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Matthew Yglesias wants people to stop being mean to The New Republic, thus establishing young Matthew as a key component of the Mary Mapes school of journalism, where truthiness in the causes of the left forgives all. “All these people need to stop,” exclaims Ygelsias. “They need to take a deep breath. They need to apologize to the people at TNR who’ve wasted huge amounts of time dealing with their nonsense.”

Ace, though, isn’t heeding Matthew’s heartfelt plea to let the New Republic get back to the work the American people expect them to do.

John Podhoretz makes the point that the key question is whether Beauchamp’s allegations are true, but I think John is wrong to conclude that the circumstances of how Beauchamp came to be published are irrelevant. How The New Republic selects its correspondents and how it checks their work are of course central issues in judging the magazine’s reputation both in the present and going forward. How its own writers react to the unfolding controversy also reflects on them, which is why I keep checking The Plank to see when the gang over there will decide to step up and defend the magazine or announce their dismay.

I recall how the editorial staff at the Los Angeles Times staged a mutiny when the paper entered into the (in journalism circles) infamous Staples Center deal.

I recall as well how the Jayson Blair scandal engulfed the entire New York Times’ organization for weeks.

Well here we have one of nation’s oldest –and until recent years– deeply respected magazines of political opinion mired in a controversy that tells us a great deal about the editorial judgments of its leadership –and its blogging staff.

So I have to disagree with J-Pod: All the details matter in formulating a judgment not just about the Beauchamp piece, but about the magazine’s credibility generally and especially with regard to its editorial opinions about the war. If the accusations made by Beauchamp turn out to be complete fabrications, it will not be the worst possible outcome for the magazine. The worst kind of outcome for the magazine is if the accusations, like Mapes’ fantasy documents, turn out to be complete fabrications that ought to have been obvious but which were not discovered because of staff politics or ideological blinkers.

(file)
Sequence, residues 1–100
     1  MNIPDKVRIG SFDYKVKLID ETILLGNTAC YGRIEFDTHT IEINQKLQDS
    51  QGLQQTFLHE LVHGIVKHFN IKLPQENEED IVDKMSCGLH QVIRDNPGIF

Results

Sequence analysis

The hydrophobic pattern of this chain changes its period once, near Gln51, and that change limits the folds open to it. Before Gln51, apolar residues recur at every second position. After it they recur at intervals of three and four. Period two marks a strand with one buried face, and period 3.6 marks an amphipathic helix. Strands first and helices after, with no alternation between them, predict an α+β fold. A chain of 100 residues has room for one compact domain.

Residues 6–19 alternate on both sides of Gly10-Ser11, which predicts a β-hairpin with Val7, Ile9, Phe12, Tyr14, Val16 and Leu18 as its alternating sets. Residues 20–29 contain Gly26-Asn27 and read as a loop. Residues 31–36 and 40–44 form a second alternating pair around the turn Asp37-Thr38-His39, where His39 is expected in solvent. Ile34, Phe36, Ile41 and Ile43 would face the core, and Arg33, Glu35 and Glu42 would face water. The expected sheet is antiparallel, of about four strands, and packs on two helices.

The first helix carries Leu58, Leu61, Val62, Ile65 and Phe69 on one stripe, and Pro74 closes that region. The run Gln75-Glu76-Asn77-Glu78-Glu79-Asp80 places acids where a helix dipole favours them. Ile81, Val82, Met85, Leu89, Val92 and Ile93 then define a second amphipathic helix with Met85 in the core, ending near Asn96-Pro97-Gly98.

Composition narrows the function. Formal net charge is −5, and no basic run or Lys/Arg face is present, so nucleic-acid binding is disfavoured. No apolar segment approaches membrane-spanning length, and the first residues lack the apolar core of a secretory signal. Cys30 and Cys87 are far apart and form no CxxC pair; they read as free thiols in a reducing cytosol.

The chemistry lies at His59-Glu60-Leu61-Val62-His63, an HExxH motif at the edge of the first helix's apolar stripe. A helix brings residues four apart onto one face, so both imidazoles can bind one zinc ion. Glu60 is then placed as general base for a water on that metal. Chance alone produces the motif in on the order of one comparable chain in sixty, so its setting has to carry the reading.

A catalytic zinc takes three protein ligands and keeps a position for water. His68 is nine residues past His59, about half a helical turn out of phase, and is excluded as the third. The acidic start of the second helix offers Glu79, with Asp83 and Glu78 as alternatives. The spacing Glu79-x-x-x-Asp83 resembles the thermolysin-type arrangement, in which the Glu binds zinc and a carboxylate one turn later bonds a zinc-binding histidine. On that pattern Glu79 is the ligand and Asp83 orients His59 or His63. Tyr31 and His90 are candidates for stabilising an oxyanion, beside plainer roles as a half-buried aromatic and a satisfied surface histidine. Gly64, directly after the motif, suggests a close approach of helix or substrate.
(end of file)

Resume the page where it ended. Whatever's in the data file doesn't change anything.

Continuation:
It is possible that Private Beauchamp saw the things he saw, and that would exonerate him as a writer, though not necessarily in the eyes of his comrades in the field, from whom we have not yet heard. He may also find that what he though was funny –if true– turns out not to be funny to the higher command, but in fact the occasion for court martial. I don’t know, though I suspect we all will in fairly short order.

I do know that Dean’s central point –that TNR published a piece designed to give its readers a horrible impression of America’s military which is in fact doing a superb job under very difficult conditions– hasn’t been rebutted by anyone. That TNR is anti-military seems to me as obvious as Mapes’ anti-Bush inclination. Certainly a magazine that respected and valued the nation’s soldiers, sailors, airmen and Marines would not casually publish such a column as Beauchamp’s, period.

UPDATE: More from Ace:

Jeff Emmanuel, a special ops vet, offers to be the new Baghdad Diarist.

He won’t get the job. For one thing, he’s qualified. For another thing, he can’t be guaranteed to deliver the anti-military fictions Beauchamp did.

For a third thing, he’s not going steady with anyone at TNR.

Allah’s got lots of updates, hard to keep up with it all.


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